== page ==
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Borough goes it alone against Dorset reorganisation plans

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Council reorganisation in Dorset is not in the interest of residents, has not been fully considered and is going ahead without public support, Christchurch BC has told the communities secretary.

Christchurch has written to Mr Javid, ahead of Monday’s deadline for respresentations, proposing he creates a unitary out of Bournemouth BC and the Borough of Poole and leave the rest of Dorset as a two-tier structure.

The borough is now the only council to oppose locally-devised plans to create two unitary authorities out of nine in the county, referencing a recent local referendum that overwhelmingly rejected the proposal.

Spencer Flower (Con), leader of East Dorset DC, told LGC his council and Purbeck DC, two other councils which had previously expressed concern about the proposals, now accepted Mr Javid’s decision that he was “minded to” approve the merger. Cllr Flower added: “Eight out of nine Dorset councils back the secretary’s plan.”

A spokesperson for Christchurch BC said legal advice would be sought and action would only be taken following a decision by the communities secretary. The council also approved a £15,000 budget to cover legal proceedings at a meeting on Tuesday.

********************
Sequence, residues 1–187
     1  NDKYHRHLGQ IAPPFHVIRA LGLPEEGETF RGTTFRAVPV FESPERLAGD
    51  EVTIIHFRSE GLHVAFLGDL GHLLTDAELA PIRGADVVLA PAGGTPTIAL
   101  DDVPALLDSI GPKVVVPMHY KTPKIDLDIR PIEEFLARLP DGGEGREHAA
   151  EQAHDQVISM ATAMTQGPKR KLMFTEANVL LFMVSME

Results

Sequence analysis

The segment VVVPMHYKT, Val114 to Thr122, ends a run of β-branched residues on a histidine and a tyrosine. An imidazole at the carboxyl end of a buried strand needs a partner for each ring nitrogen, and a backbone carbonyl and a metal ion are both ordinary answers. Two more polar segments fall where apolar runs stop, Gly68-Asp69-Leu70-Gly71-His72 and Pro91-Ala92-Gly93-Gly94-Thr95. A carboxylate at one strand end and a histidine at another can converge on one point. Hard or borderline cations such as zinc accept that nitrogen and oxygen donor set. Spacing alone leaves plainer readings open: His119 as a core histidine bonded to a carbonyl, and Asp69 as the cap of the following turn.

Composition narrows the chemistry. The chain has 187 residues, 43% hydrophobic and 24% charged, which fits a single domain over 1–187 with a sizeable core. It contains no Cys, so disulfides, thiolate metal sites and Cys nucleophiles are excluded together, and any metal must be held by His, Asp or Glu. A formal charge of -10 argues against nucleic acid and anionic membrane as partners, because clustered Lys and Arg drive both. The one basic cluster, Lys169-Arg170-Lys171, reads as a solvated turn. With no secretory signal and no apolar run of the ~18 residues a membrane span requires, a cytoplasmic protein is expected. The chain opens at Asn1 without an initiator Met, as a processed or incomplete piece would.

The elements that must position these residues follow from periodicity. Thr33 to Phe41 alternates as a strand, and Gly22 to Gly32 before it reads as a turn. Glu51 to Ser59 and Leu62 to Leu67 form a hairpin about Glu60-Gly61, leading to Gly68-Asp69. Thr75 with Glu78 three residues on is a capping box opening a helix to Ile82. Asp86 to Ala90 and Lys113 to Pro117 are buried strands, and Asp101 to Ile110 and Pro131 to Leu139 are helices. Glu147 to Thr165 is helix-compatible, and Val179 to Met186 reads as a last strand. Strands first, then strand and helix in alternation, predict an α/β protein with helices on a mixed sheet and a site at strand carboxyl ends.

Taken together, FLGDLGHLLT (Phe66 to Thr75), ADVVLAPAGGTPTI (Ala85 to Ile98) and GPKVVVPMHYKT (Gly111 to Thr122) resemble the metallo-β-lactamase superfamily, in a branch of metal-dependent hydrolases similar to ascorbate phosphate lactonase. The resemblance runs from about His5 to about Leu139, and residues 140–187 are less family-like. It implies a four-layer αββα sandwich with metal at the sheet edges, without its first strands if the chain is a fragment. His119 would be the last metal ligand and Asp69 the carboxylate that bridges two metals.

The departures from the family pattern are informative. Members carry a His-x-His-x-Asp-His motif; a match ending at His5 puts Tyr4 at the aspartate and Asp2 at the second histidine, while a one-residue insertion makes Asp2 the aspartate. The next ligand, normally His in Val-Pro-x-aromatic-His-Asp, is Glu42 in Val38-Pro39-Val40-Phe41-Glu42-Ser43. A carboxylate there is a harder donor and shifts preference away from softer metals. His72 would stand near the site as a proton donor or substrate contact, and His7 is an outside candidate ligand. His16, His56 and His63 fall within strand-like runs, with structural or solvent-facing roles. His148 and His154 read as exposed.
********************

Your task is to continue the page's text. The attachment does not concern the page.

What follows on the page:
David Flagg (Con), leader of Christchurch BC, said: “Having carried out the local poll it was clear that residents of Christchurch do not want to be part of a new authority with Bournemouth and Poole.”

In a December referendum with a 53% turnout, 84% of respondents in the borough voted against a proposal to create a single council covering Christchurch, Bournemouth and Poole.

Cllr Flagg said: “Christchurch BC wishes to retain our sovereignty and we believe that retaining the existing two-tier structure in Dorset presents a credible alternative that the secretary of state will take time to consider.”

The Conservative-held borough council wrote in its representation to Mr Javid that “retaining independence and sovereignty is in the best interests of local people”.

A joint announcement by six council leaders following the referendum found there was still “clear evidence of support across the whole county”.

“We also know that the secretary of state will want to be sure that any decision he makes is likely to improve the area’s local government, has a good deal of local support in the area, and that each new council area itself is a credible geography for the proposed new structures,” the leaders wrote at the time.

Backers of the Future Dorset project argue that replacing Dorset’s nine councils with two new unitary authorities will help increase efficiency, save money and protect public services.

With increased cut-backs from central government grants expected, the project’s authors have forecast it will save £100m across the first six years. 

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